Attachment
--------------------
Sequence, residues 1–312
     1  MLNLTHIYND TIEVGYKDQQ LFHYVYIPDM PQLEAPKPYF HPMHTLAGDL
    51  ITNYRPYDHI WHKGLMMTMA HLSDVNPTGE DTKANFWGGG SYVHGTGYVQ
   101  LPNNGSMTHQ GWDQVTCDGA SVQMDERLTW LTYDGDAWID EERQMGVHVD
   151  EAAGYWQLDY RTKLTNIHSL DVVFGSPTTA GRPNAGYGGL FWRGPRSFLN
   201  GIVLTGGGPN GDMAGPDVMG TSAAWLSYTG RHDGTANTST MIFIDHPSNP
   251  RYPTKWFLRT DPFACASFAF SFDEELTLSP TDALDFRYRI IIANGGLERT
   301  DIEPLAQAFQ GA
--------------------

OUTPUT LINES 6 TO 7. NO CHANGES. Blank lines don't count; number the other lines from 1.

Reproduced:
   201  GIVLTGGGPN GDMAGPDVMG TSAAWLSYTG RHDGTANTST MIFIDHPSNP
   251  RYPTKWFLRT DPFACASFAF SFDEELTLSP TDALDFRYRI IIANGGLERT